This essay analyzes how elite and subaltern efforts to regulate gender, sexuality, and family, helped define the class and race contours of the nation. It examines the Chilean nation building process, which has generally been conceptualized in class terms, alongside other countries, where there is a denser historiography on race, to demonstrate that national identities were constructed on a common, racialized, discursive terrain. The reformist and populist alliances that emerged throughout Latin America in the 1920s and 1930s drew from newer scientific discourses of race and eugenics but also reworked racialized colonial and nineteenthcentury articulations of gender and citizenship.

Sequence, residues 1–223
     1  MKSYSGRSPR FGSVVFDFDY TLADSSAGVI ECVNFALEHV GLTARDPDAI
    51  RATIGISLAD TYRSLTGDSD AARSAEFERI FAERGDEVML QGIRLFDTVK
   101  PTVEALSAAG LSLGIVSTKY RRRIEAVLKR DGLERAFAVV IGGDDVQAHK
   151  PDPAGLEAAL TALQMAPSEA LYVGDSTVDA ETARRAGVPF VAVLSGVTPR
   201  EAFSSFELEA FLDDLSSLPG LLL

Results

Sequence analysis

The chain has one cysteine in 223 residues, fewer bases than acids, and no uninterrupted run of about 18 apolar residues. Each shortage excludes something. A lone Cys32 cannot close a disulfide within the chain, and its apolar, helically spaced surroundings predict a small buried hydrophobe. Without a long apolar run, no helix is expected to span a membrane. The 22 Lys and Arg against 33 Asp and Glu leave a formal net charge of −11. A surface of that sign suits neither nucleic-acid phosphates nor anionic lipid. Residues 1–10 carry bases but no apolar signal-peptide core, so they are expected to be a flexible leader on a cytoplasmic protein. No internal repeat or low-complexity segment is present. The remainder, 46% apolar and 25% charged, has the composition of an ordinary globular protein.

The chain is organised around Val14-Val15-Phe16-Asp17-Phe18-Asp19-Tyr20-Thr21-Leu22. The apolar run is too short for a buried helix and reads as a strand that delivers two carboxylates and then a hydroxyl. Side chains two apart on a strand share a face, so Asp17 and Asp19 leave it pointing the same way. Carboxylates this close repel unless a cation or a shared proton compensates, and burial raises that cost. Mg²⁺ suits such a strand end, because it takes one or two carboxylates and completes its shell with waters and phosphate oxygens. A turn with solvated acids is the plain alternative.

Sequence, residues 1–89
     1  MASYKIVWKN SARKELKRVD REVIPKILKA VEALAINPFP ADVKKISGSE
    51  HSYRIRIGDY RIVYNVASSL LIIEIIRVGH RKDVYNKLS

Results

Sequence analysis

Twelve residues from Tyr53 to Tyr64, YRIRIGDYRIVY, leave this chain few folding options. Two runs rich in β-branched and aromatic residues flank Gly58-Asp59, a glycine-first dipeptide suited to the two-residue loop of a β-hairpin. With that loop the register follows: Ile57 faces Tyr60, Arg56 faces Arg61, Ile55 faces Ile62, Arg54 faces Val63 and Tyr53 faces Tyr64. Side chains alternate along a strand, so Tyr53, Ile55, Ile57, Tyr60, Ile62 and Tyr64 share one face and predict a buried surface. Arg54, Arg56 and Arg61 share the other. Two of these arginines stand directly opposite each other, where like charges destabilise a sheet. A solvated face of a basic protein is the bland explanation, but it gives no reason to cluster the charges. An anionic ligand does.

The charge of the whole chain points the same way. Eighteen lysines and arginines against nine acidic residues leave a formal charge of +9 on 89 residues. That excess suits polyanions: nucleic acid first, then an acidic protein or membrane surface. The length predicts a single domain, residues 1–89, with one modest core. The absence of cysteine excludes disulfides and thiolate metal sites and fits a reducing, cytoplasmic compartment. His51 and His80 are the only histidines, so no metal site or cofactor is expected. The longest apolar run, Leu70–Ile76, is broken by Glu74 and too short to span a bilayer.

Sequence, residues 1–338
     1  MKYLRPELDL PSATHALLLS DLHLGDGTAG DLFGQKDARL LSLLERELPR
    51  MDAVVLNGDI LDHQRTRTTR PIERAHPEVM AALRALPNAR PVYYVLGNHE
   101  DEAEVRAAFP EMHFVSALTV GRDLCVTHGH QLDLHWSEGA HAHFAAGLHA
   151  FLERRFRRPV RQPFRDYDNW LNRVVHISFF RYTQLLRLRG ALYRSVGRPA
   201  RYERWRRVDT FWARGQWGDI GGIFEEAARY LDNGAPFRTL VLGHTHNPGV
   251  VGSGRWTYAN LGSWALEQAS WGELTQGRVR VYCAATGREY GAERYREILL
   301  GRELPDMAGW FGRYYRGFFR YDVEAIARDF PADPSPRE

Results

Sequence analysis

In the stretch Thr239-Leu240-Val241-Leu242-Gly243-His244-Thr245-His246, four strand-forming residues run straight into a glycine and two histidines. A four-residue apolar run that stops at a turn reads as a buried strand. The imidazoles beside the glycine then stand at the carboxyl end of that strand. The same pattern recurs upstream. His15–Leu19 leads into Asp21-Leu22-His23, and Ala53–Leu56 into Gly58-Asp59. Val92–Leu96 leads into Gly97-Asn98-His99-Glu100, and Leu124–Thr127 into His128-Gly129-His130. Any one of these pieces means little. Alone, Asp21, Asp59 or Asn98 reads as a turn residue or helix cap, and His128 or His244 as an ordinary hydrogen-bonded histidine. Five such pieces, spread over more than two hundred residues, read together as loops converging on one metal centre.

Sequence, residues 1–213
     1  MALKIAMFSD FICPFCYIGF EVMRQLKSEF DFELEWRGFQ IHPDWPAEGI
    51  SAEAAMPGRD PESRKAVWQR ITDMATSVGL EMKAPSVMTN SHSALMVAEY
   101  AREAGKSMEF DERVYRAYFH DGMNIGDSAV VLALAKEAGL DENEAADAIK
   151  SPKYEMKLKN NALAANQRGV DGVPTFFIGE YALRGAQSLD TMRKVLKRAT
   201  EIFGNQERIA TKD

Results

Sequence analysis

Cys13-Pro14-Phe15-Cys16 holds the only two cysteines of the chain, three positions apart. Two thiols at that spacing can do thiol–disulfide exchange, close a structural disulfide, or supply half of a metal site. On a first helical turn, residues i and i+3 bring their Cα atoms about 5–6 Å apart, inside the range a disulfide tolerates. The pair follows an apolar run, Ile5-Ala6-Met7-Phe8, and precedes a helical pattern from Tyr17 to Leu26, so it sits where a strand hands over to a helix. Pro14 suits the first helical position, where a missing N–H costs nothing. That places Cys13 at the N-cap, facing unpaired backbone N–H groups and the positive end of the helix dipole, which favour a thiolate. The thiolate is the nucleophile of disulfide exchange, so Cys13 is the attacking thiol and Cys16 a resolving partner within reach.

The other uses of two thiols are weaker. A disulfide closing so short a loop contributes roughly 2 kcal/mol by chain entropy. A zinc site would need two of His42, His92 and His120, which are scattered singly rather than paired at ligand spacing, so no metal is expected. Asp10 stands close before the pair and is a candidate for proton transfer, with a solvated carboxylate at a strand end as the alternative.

Alejandra Rosemblatt, K. (2002), "Sexuality and biopower in Chile and Latin America", Davis, D. (Ed.) Political Power and Social Theory (Political Power and Social Theory, Vol. 15), Emerald Group Publishing Limited, Bingley, pp. 229-262. https://doi.org/10.1016/S0198-8719(02)80025-4Download as .RIS
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